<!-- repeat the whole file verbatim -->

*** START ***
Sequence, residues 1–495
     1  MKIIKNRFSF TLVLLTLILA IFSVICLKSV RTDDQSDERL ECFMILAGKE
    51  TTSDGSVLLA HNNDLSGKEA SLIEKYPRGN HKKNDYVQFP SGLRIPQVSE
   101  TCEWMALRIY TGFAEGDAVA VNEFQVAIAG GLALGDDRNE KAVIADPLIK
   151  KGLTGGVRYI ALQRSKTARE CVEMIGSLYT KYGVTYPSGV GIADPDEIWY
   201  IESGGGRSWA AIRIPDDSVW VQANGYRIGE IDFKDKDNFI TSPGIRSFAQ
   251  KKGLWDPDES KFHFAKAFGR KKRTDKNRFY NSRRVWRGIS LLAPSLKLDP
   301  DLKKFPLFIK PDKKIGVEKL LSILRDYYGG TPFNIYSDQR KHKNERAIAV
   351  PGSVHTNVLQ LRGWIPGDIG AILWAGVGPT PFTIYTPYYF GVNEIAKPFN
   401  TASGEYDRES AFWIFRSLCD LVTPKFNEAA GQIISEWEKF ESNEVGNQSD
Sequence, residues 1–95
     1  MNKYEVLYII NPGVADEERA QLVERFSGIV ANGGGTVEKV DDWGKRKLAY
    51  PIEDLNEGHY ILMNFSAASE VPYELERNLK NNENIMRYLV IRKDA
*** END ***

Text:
Sequence, residues 1–495
     1  MKIIKNRFSF TLVLLTLILA IFSVICLKSV RTDDQSDERL ECFMILAGKE
    51  TTSDGSVLLA HNNDLSGKEA SLIEKYPRGN HKKNDYVQFP SGLRIPQVSE
   101  TCEWMALRIY TGFAEGDAVA VNEFQVAIAG GLALGDDRNE KAVIADPLIK
   151  KGLTGGVRYI ALQRSKTARE CVEMIGSLYT KYGVTYPSGV GIADPDEIWY
   201  IESGGGRSWA AIRIPDDSVW VQANGYRIGE IDFKDKDNFI TSPGIRSFAQ
   251  KKGLWDPDES KFHFAKAFGR KKRTDKNRFY NSRRVWRGIS LLAPSLKLDP
   301  DLKKFPLFIK PDKKIGVEKL LSILRDYYGG TPFNIYSDQR KHKNERAIAV
   351  PGSVHTNVLQ LRGWIPGDIG AILWAGVGPT PFTIYTPYYF GVNEIAKPFN
   401  TASGEYDRES AFWIFRSLCD LVTPKFNEAA GQIISEWEKF ESNEVGNQSD
Sequence, residues 1–95
     1  MNKYEVLYII NPGVADEERA QLVERFSGIV ANGGGTVEKV DDWGKRKLAY
    51  PIEDLNEGHY ILMNFSAASE VPYELERNLK NNENIMRYLV IRKDA